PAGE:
This classic method for making delicious open-textured salt beef is adapted from The River Cottage Meat Book. You can also use it to cook an ox tongue. Conventional wisdom has it that the best cuts for salt beef are silverside and brisket, the former being much superior.
I have experimented with various cuts, including foreflank and even a large chunk of shin on the bone. They all work well, but in my book the fattiest, cheapest cuts give the most open-grained texture, which is what I like.
Serves 10 or more
2-3kg piece of beef brisket or foreflank (or use a whole ox tongue)
For the brine
- 5 litres water
- 1kg PDV salt
- 600g demerara or light brown sugar
- 1tsp black peppercorns
- 1tsp juniper berries
- 5 cloves
- 4 bay leaves
- Sprig of thyme
For the beef
- 1 bouquet garni
- 1 carrot, peeled and chopped
- I onion, peeled and chopped
- I celery stick, chopped
- 1 leek, washed and chopped
- Â½ garlic bulb, sliced horizontally to cut through the cloves
Put all the ingredients for the brine into a large saucepan and place over a low heat, stirring occasionally until the salt and sugar have fully dissolved. Bring to the boil and allow to bubble for 1-2 minutes, then remove from the heat and leave the brine to cool completely.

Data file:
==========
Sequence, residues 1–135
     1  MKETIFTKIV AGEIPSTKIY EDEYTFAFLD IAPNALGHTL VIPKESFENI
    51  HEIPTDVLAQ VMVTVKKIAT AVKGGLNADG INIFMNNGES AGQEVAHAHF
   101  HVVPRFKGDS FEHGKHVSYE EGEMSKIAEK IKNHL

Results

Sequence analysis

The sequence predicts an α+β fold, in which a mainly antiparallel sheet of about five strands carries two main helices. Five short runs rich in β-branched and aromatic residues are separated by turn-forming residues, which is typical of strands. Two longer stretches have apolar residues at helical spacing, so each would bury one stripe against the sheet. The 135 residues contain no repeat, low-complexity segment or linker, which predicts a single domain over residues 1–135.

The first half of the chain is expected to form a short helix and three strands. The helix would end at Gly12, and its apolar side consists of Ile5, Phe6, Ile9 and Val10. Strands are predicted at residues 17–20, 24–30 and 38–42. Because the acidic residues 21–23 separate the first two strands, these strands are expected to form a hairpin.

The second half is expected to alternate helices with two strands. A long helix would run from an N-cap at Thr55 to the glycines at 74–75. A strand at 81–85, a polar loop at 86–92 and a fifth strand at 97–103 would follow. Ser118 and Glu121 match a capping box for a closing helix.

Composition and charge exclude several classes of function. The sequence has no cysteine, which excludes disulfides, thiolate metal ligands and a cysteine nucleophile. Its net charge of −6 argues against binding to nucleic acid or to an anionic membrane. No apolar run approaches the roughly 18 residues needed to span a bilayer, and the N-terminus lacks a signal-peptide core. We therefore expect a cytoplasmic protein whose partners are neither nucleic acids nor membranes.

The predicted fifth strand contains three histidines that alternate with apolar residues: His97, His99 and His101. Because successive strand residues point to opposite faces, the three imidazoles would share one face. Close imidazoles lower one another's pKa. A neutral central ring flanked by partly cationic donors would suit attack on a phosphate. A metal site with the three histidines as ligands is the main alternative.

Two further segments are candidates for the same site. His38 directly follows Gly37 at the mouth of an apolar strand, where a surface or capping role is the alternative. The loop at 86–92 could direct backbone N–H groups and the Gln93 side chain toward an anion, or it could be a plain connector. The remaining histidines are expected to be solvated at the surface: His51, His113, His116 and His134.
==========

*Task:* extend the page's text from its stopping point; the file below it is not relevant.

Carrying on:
Put your piece of beef into a food-standard brine tub and cover it with the brine. If necessary, use a weight placed on a tray or a piece of wood to keep it submerged.
Leave the piece of beef to cure in a cool place for one day per kg, then remove it from the brine.
To cook the beef, put it into a saucepan with the bouquet garni, the vegetables and the garlic. Cover it with fresh water and bring it to a gentle simmer. Poach it very gently on the hob or in the oven (preheated to 150Â°C) if you prefer. Cook it until the meat is completely tender and yielding when pierced with a skewer. A 3kg piece of beef will take 2Â½-3 hours.
Serve the hot salt beef carved into fairly thick slices, with lentils, beans or boiled potatoes, and either creamed fresh horseradish or good English mustard. Alternatively, you can serve it cold. It will keep for a further week in prime condition; thereafter it will dry out too much.
Note: If you've cured an ox tongue rather than a piece of beef, you will need to peel off the coarse skin before serving.
Recipe taken from Curing & Smoking by Steven Lamb